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Why didn't Akufo-Addo talk about the falling cedi in SONA - Avedzi

BY: Graphic Online
James Klutse Avedzi - Deputy Minority Leader
James Klutse Avedzi - Deputy Minority Leader

The deputy Minority Leader in Parliament, James Klutse Avedzi has questioned President Nana Addo Dankwa Akufo-Addo’s failure to speak on the depreciating cedi in his 2019 State of the Nation Address in Parliament on Thursday.

In a reaction after the presentation, Mr Avedzi said it was worrying that President Akufo-Addo did not tell Ghanaians how he was going to arrest the falling value of the cedi.

“And the president completely avoided the talk about the performance of the cedi, I have never heard the president said the cedi is depreciating at the low pace, he never talked about it. So he completely avoided it,” Mr Avedzi said whilst reacting to the address in a radio interview with Accra based Joy FM.

To Mr Avedzi, President Akufo-Addo avoided the talk about the cedi, “because he [Akufo-Addo] knew that the cedi is depreciating at a faster rate that he doesn’t feel comfortable talking about it and that is why the President didn’t mention it at all in his state of the nation address,” he said.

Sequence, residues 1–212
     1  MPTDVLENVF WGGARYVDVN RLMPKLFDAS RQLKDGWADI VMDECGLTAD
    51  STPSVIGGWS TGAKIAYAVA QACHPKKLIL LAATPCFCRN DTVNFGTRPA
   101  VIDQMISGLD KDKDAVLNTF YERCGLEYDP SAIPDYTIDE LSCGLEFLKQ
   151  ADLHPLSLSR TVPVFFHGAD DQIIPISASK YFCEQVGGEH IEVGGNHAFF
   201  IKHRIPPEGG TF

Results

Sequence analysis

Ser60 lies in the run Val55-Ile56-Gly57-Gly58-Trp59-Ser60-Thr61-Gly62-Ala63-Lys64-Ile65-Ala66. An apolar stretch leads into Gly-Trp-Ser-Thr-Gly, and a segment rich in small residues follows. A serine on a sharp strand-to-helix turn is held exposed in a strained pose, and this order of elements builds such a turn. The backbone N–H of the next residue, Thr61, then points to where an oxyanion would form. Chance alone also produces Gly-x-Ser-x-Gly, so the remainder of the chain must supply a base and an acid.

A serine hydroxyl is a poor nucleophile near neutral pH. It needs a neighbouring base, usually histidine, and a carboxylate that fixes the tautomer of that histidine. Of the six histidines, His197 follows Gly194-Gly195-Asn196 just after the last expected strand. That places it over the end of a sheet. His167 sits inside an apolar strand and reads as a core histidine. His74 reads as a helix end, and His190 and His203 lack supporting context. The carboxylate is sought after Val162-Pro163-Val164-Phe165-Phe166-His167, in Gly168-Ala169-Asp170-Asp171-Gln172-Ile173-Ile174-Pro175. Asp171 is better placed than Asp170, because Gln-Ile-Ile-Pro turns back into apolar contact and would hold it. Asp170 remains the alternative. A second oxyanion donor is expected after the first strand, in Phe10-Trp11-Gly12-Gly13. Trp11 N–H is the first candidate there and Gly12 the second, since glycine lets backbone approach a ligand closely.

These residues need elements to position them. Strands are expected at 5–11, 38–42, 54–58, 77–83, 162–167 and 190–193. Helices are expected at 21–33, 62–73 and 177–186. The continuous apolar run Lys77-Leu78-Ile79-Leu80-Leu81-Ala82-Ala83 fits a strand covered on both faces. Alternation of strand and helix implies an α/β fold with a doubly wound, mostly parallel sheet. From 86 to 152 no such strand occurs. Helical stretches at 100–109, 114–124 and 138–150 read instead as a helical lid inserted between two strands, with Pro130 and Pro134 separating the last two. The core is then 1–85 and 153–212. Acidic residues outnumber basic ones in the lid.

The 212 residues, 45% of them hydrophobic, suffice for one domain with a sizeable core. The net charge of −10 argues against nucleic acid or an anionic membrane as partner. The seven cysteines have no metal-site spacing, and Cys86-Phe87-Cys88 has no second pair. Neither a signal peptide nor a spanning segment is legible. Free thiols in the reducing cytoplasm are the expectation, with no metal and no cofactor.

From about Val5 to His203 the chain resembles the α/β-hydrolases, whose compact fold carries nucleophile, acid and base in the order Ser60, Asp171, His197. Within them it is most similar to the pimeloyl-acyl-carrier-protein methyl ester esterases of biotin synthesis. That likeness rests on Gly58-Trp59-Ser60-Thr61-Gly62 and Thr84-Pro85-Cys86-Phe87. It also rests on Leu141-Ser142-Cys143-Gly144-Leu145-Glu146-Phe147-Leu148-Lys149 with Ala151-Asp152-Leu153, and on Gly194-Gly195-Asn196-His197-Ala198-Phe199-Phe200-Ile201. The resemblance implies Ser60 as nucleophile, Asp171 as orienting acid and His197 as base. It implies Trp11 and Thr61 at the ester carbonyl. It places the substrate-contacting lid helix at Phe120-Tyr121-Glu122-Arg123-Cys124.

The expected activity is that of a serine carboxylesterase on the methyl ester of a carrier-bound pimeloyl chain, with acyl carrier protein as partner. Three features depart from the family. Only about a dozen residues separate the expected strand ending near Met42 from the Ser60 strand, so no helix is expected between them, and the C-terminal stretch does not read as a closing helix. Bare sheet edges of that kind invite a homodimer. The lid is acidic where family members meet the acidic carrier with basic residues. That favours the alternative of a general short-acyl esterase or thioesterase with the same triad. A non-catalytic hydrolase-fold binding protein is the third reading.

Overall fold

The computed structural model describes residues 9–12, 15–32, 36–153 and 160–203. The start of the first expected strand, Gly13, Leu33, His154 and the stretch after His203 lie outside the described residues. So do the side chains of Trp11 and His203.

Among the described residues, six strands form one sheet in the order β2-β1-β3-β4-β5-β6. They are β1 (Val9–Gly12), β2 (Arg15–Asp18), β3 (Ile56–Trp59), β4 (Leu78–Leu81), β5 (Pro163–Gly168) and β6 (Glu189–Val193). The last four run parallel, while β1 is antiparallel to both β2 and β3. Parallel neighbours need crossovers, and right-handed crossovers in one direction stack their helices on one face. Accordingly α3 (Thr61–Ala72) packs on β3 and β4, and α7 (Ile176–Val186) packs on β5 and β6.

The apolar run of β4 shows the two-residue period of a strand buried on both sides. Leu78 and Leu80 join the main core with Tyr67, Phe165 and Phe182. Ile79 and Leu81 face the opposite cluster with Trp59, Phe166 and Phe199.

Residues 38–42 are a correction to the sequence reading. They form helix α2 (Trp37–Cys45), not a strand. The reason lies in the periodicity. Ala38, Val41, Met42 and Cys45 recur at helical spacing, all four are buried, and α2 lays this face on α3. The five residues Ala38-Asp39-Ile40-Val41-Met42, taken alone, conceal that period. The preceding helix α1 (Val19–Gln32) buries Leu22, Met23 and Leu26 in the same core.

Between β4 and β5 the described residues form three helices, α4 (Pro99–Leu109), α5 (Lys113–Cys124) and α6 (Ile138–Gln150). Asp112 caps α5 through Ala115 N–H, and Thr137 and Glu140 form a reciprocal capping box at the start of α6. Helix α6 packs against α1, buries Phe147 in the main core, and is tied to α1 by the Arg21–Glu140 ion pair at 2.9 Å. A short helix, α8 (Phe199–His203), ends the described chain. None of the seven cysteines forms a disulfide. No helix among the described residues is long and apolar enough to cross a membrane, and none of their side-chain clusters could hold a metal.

“This is something that the president must talk about because, it is very important to the business man, the president should tell us what he is going to do to arrest the fall of the value of the cedi, he didn’t talk about it.

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“So as we speak now, the cedi is running over Ghc5.27, so what will it be at the end of the year or the middle of the year, what is the president going to do to ensure that the value of the cedi is stable. I am not impressed and we will come with the debate on it from Tuesday,“ he added.

Touching on GDP, Mr Avedzi disagreed with President Akufo-Addo’s position that Ghana was doing her best ever and said, “within two years, we have borrowed as a country over Ghc50 billion, the President decided to use the re-based numbers to calculate debt to GDP ratio, and where he say that the debt to GDP ratio has dropped from 57 per cent to 54 per cent, so that is what he decided to do, to use the rebased figure.”

Adding, he said he disagreed with the President completely.

“We were here when we borrowed 2.25 billion from Franklin Templeton which was a foreign borrowing because it was denominated in dollars and then yet we applied local rate of 19.75 per cent, that cannot be borrowing with the low interest rate.”